It’s tempting yet limiting to call Delvaux a Belgian surrealist – or, as many would prefer, “magical realist”. French Surrealism is or was an actual movement, but the other two categories are at most tendencies. For me, one significant difference between French and Belgian surrealism is that the former is in rebellion against the bourgeoisie while the latter virtually equates the bourgeoisie with the cosmos. But this latter position can’t really be identified in national terms, because Franz Kafka in Czechoslovakia, Sadegh Hadayat in Iran and France, and Ambrose Bierce in the US (in his “An Occurrence at Owl Creek Bridge”), among others, all seem to share it.
Un soir, un train, the Delvaux film that comes closest to Kafka, Hadayat and Bierce, follows Mathias as he departs on a train to give a lecture in another town – first quarreling with Anne, who walks away from him shortly before he leaves but later unexpectedly joins him in his compartment then mysteriously disappears from it while he dozes off. After the train stops in a desolate wasteland, things become progressively stranger as he gets off with an older man and a younger man, the train leaves without them, and they eventually wander together into a mysterious town. The “incomprehensible”, untranslated language they hear spoken in this town is in fact Farsi – and certain affinities of the story with Hedayat’s nightmarish The Blind Owl (a novella about a bride becoming a forgotten corpse to her husband) may well have inspired this choice of foreign language.
The overall narrative development in De man die zijn haar kort liet knippen from normality to insanity is comparably unnerving. The schizophrenia of the hero in Daisne’s novel – a middle-aged lawyer with a family who teaches at a local high school, and is quietly obsessed with a graduating girl pupil – is established by presenting his story as a flashback from a mental asylum, but the film, far less guided by its first-person narration, introduces this schizophrenia so incrementally and ambiguously that we’re held in a queasy kind of abeyance, and can’t even be sure at the end whether or not he’s murdered his former pupil after running into her at a hotel years later. (Meanwhile, he’s quit his job to become a court clerk and attended an autopsy, in both cases with obscure motivations.) The fact that he barely looks at her during their climactic dialogue in her hotel room is only part of what’s so weird about the scene. There are odd hints about his condition throughout the film, from his behavioral tics to Delvaux’s unconventional edits, but the fact that we can’t distinguish between his mental reality and our objective perceptions is a constant.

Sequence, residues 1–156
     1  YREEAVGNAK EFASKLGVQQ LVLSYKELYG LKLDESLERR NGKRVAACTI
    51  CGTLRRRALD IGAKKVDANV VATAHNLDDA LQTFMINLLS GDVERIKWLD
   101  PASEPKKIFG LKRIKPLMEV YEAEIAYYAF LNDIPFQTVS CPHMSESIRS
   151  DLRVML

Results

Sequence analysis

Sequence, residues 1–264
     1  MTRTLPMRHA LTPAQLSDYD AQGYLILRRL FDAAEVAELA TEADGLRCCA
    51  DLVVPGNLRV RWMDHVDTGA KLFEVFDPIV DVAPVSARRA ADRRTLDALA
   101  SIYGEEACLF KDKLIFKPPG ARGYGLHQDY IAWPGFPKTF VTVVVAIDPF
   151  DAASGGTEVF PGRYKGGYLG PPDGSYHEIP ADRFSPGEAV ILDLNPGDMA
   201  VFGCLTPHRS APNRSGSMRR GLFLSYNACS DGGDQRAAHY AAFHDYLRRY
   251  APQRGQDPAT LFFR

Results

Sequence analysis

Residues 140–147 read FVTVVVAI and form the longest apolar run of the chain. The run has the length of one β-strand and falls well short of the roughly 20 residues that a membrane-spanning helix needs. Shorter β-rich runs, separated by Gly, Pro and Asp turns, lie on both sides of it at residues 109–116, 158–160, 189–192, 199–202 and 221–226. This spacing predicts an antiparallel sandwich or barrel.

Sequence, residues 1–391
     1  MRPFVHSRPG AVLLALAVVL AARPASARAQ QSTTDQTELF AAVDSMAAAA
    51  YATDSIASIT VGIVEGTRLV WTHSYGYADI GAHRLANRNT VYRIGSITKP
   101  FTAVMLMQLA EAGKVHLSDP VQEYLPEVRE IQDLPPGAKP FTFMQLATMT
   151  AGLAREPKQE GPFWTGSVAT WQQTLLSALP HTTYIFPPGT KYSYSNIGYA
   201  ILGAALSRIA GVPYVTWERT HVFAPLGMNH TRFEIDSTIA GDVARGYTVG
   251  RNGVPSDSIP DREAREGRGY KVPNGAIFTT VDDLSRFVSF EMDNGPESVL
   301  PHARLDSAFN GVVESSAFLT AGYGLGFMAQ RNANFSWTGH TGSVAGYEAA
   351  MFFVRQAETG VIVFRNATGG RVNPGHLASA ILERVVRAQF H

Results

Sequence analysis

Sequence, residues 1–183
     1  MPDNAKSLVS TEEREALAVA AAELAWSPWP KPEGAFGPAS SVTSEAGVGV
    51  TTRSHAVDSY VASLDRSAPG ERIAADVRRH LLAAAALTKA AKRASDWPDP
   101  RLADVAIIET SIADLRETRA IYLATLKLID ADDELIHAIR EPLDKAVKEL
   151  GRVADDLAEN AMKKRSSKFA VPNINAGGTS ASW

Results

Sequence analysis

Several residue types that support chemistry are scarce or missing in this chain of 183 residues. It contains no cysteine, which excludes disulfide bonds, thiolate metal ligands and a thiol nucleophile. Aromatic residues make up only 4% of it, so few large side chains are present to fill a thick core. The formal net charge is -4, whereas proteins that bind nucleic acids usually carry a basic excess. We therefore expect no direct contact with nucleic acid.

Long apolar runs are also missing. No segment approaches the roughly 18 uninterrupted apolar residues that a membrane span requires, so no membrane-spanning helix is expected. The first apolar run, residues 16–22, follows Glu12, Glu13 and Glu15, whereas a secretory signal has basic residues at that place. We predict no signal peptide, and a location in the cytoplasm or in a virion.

Similarly, in Un soir, un train, Delvaux’s seamless transitions from waking life to dreams or memories and back again tend to follow an emotional logic that retroactively seems inevitable. The editing, which periodically inserts unannounced flashbacks (of trips to England and Spain) or flash-forwards (to images tied to Anne’s death from a train wreck), recalls some of the rhythms and strategies of Alain Resnais in postulating memory as a series of emotional associations and links, fatefully equating the past with the future in a tragic manner that is also made to seem musical. There are also symmetrically rhyming patterns of image or sound linking dreams with waking activities. Mathias’s failure to have a child and his inability to find his father’s gravesite mesh together both thematically and poetically, like reverse sides of the same coin; they may also have some relation to the younger and older men who turn up as the hero’s companions in the story’s increasingly terrifying and increasingly irrational second half, evoking respectively aspects of his youth and encroaching old age while respecting the contours and abrupt transitions of a troubled dream. And to wake from that dream doesn’t mean a “return to reality” in any ordinary sense. In the terms of this film, it means a deepening of the mysteries surrounding both love and death – a fall into infinity.
Images from Un soir, un train (André Delvaux, 1968), courtesy of Editions Montparnasse.
Seuls: Un soir, un train takes place on Thursday 1 December 2022 at 20:30 in KASKcinema, Ghent. You can find more information on the event here.